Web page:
387th Bomb Group: Mission 003, Dealing with the Real World.

2 weeks 3 days ago #17220 by Westcoast
Developer's Note:  If you try it under near real-world conditions (first attempt, single aircraft, single pilot, no autopilot, dead reckoning navigation only, continuous flight, real-world weather, single pass, medium altitude bomb run, no functioning bomb-sight,,etc.) you will find it somewhere between difficult and impossible to land a single bomb within the damage radius of the M117 bomb of the specified target.  And that is even without having to deal with effective enemy AA fire and fighter interceptors.  However, like most things, you have to learn to walk before you can run.  So, I have flown our first mission (003) with many of these constraints lifted to demonstrate what can be done under good conditions.  Once (if) you can learn to do it under these easier conditions, then we can try missions under more realistic conditions.  Accordingly, I have ranked the constraints (rules) into a series of levels, starting with the hardest (Level I) and proceeding to the easiest (Level V):

Level I:  All real-world conditions, except no fighters and no effective flak.

Level II:  Use of the Autopilot, Pause and External View.  I have tried without success to determine if any model of the B-26 had a functioning autopilot (like the analog autopilot on the B-17).  None appears in the cockpit of the model we are using.  However, though you can't see it, it's there in the background and will respond to all of the standard FSX keyboard commands.  Since you are flying solo, with no bombardier or navigator, you cannot possibly con the aircraft at the same time that you navigate, find the target, set-up and control the bomb-run, release the bombs and photograph the bomb damage.  So learn to use the autopilot to control your heading and altitude while you are otherwise occupied.  In the same group of aids is use of the pause (P) button and F11.   A lot happens really quickly.  It often helps to freeze the action, for example to search for the target in the distance or to photograph the action.

Level III:  Real world weather.  England, the channel and France have notoriously bad weather, particularly in the winter.  If you use the real-world weather from the mission date ( in 2021) you are likely to encounter lots of clouds, as well as low ceilings and rain.  These will make it difficult to take off, climb above the weather (when possible) and fly in the general direction of your target, looking for holes in the weather which will allow you to navigate and visually identify your target, much less return to England, find your base and land safely.  There is no point in flying if conditions are bad and you should not salvo your bombs without seeing the target, except over water.  So, if you use real world historical weather (for the appropriate month and day, not year) you will decide not to fly most days.  If you hit a good day, you may be able to pull it off and score at Level II.  Otherwise, pick Fair Weather (Level IIIA), or Clear Weather (level IIIB).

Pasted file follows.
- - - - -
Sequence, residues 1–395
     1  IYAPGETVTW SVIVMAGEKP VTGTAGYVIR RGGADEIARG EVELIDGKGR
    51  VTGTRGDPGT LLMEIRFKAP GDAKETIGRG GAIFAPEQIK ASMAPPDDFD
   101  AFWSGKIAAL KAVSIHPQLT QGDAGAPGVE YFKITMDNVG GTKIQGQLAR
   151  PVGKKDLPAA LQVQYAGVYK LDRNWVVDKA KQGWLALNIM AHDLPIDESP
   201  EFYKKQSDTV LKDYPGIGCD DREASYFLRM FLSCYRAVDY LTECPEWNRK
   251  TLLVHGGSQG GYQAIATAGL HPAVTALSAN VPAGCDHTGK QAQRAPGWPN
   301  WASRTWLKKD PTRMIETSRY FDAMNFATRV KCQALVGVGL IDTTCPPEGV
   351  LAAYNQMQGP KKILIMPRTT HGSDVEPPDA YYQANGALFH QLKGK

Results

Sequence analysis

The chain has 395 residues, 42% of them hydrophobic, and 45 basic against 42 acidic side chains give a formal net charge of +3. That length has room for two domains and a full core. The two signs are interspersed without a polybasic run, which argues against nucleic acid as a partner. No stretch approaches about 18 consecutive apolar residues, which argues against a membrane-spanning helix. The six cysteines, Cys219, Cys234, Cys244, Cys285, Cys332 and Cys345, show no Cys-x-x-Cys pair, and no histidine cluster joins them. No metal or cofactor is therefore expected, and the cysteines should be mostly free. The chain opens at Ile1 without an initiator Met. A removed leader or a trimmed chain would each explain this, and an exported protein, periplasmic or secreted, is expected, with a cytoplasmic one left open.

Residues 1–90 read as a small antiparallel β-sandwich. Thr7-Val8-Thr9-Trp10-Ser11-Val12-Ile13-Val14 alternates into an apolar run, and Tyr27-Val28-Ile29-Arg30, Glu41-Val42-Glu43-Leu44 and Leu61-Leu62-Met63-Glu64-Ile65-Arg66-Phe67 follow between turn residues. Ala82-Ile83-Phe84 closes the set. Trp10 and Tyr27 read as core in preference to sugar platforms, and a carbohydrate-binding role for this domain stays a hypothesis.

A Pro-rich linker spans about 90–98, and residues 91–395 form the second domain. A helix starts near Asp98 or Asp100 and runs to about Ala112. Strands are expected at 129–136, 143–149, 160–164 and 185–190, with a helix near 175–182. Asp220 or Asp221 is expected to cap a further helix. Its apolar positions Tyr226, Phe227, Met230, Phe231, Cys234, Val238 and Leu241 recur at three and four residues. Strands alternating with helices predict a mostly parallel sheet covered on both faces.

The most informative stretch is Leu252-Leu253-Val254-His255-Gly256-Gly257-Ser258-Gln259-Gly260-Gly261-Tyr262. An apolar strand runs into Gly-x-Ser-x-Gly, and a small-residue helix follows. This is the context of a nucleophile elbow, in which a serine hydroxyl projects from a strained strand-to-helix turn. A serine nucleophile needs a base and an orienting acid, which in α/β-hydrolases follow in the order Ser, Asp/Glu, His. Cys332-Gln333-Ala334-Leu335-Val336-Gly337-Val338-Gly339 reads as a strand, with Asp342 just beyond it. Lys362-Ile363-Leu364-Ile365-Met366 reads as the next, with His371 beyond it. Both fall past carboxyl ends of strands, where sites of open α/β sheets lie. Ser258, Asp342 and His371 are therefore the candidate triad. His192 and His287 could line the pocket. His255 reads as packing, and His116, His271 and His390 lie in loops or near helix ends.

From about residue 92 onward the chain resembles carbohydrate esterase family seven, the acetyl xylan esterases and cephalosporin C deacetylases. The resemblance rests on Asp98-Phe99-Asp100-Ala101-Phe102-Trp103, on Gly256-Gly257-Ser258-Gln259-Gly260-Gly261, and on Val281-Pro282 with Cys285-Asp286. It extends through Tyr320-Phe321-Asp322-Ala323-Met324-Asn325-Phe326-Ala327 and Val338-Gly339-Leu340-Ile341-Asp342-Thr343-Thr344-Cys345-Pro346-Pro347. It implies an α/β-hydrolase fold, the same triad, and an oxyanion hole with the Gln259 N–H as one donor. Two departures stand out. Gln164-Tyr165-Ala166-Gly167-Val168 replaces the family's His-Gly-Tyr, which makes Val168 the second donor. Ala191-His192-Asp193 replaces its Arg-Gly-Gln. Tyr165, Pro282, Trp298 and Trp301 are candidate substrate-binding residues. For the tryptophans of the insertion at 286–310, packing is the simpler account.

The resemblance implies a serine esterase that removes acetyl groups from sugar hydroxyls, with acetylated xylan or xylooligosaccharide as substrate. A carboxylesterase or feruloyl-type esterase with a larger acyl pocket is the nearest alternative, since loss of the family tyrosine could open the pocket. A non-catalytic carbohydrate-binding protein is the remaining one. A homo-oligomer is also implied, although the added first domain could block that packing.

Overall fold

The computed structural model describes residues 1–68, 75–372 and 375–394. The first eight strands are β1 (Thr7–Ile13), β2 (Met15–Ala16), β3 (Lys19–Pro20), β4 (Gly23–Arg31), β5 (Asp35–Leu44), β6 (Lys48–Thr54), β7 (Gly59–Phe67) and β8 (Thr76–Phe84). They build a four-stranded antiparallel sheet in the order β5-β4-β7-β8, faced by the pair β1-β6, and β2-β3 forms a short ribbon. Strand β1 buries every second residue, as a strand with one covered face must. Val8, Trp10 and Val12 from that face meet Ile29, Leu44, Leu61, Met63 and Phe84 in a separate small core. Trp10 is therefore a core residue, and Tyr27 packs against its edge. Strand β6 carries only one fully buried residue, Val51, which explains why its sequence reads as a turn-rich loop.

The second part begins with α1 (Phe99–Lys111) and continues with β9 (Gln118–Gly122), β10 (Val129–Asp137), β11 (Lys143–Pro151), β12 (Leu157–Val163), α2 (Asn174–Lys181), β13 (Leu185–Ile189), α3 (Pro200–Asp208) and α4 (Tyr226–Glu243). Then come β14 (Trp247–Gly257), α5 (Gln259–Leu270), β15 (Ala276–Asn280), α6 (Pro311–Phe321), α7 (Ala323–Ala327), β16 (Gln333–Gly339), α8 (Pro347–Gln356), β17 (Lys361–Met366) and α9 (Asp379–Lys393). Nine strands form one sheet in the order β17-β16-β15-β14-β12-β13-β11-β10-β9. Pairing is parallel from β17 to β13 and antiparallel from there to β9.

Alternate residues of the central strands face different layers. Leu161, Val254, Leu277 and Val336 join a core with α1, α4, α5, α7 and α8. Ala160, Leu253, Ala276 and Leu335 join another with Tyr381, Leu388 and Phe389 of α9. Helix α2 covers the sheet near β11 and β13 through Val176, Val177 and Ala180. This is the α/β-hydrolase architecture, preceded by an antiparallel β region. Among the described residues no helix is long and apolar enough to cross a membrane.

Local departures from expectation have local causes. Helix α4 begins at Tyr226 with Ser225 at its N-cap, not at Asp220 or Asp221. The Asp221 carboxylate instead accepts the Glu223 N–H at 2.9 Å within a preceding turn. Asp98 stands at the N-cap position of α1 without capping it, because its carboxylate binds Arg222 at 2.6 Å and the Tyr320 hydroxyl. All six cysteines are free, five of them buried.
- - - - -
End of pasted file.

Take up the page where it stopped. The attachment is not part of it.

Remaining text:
Level IV:  Navigation.  You will receive an (FSX, P3D) flight plan for each assigned mission.  This flight plan will implicitly contains the coordinates of all the waypoints, including the target.  These will allow you to identify these waypoints on a map, but once airborne, that will only allow you to navigate by Dead Reckoning and the associated terrain recognition, as neither radio navigation over enemy territory, nor inertial navigation (not invented yet) will be available to you.  To help you (if there is sufficient interest), I will bury visual clues in the scenery (and your briefing) to help you find your way.  If you can navigate with these alone you will be working at Level III (above).  However, sooner or later you will find that, although you don't see it in the cockpit, the trusty FSX GPS is also there in the background and you can even bring it up on the screen.  If I could turn this off, I would have.  However, if you use it to help find the target, you are working at Level IV.  If you couple it to the autopilot (I'm not sure this is possible), you are working at Level V (below).

Level V.  No holds Barred,  Unlimited use of GPS, multiple bomb runs, etc.  This will be considered a "training only" mission and will not be counted for the number of missions required to rotate back to the states.  

In setting up these levels, I have assumed that Level V is easier than Level IV, that Level IV is easier than Level III, etc.  There may be some debate between the order of Levels III and IV, but I think it is more realistic to fly in good weather, than to assume some radio aid of the nature of GPS and that is why Level III is above (more realistic) than Level IV.


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